October 2010 Weather and Its Impacts on Missouri

Pat Guinan
State Climatologist
Commercial Agriculture/University of Missouri Extension

Pleasant fall weather reigned supreme across Missouri during October with above normal temperatures and below normal precipitation. Preliminary temperature data indicate the statewide temperature averaged 2.2 degrees above normal with monthly average maximum temperatures in the lower and middle 70's and monthly average minimum temperatures in the middle 40's. High pressure and low humidity contributed to numerous cloud-free days and few opportunities for precipitation across the region.

Precipitation reports were indicating a statewide average total of 0.70 inches, which is 2.66 inches below normal. It was the 4th driest October on record and the driest since 1964. Heaviest monthly totals were confined to some northwestern counties where Maryville and Grant City reported 2.62 and 2.31 inches, respectively. Alternatively, many locations in south central Missouri and the eastern Ozarks received less than 0.30 inches for the entire month. Lowest October rainfall totals were reported in the south central communities of Marshfield and Hartville, where each location reported a scant 0.03" for the month.

One notable severe weather event occurred on October 25-26 and was associated with a cold front trailing from an unusually strong low pressure system in the upper Midwest. During the evening hours of the 25th, a squall line developed ahead of the front in western Missouri and strengthened as it swept eastward through the state. Numerous straight line wind damage incidents impacted the southeastern half of Missouri, but fortunately no serious injuries were reported.

The growing season effectively came to an end across much of the Show-Me State on the morning of October 29 when widespread freezing temperatures occurred for the first time across much of the Show-Me State. With the exception of urban locations and far southeastern sections, most areas dropped to the middle and upper 20's.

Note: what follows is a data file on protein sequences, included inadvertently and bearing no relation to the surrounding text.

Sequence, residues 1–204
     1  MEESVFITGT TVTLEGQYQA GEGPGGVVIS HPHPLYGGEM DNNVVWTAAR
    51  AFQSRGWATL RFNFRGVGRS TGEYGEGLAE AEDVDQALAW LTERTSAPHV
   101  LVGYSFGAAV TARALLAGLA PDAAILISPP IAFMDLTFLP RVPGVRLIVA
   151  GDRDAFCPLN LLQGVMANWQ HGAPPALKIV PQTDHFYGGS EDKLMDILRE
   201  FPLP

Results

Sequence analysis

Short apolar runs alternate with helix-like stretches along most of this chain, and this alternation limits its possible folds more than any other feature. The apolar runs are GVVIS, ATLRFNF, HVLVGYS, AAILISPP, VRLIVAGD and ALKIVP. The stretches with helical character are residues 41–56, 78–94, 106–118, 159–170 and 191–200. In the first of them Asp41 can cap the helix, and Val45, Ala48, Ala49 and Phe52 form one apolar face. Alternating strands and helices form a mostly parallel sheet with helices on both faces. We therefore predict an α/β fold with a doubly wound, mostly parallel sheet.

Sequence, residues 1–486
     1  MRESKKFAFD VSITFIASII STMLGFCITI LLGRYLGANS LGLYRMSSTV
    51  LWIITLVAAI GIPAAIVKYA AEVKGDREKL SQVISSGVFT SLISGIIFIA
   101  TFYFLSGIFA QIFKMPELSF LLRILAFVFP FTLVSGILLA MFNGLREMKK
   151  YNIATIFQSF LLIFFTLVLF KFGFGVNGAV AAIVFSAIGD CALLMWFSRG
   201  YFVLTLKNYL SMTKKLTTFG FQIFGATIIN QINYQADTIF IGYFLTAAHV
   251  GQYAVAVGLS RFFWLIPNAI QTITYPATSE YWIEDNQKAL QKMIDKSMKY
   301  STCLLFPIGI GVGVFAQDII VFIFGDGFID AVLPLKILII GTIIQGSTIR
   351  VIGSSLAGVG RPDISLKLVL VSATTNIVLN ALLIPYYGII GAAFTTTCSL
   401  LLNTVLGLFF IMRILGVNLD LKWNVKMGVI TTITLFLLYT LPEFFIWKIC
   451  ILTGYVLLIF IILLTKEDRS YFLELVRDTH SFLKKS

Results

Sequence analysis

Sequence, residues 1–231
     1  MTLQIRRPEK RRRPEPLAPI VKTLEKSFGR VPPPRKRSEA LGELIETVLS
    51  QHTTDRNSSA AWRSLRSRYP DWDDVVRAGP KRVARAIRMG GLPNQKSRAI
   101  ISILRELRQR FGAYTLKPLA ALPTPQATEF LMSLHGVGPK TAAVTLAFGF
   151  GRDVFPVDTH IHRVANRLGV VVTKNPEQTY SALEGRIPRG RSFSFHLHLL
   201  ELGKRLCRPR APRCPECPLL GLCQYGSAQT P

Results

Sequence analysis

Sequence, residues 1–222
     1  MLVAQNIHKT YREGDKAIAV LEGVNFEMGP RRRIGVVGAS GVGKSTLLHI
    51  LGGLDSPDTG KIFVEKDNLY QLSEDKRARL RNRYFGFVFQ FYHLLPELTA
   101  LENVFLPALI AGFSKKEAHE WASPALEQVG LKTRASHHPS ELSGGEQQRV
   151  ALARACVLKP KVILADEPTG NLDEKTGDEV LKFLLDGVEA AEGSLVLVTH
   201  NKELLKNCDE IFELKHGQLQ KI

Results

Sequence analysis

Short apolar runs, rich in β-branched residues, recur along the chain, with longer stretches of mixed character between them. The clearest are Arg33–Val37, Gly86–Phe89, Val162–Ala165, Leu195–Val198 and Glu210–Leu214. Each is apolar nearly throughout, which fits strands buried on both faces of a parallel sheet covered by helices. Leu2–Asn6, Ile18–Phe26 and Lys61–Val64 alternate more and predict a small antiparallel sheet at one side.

There was significant progress in row crop harvesting due to the extended dry and mild conditions. By the end of the month, 94% of the corn and 90% of the soybean crop were harvested, 2 to 3 weeks ahead of normal according to the Missouri Agricultural Statistics Service. Topsoil moisture conditions were reported short to very short in 50% of the reporting districts with especially dry soils in the south central and southeastern districts where subsoil moisture was reported 83 and 85% short to very short, respectively.

The dry weather also led to deteriorating pasture conditions across the state where south central and southeastern sections reported 71 and 86% in poor to very poor condition, respectively. Drought has been plaguing the Bootheel region since early July and was beginning to result in low stock water supplies. Nearly 80% of stock water was reported in short to very short condition compared to 18% a month earlier according to the Missouri Agricultural Statistic Service.

There exists a decent chance for soil moisture recharge over southeastern Missouri this winter. Currently a moderate to strong La Nina is in progress and is expected to continue through the winter season. Typically, moderate to strong La Nia winters bring above normal precipitation to a corridor extending from Lower Michigan to Arkansas. The highest probabilities for wetter than normal conditions extend along the Ohio River Valley and include far southeastern sections of Missouri. Normally, more than 11 inches of precipitation occurs over the Bootheel during the December through February period.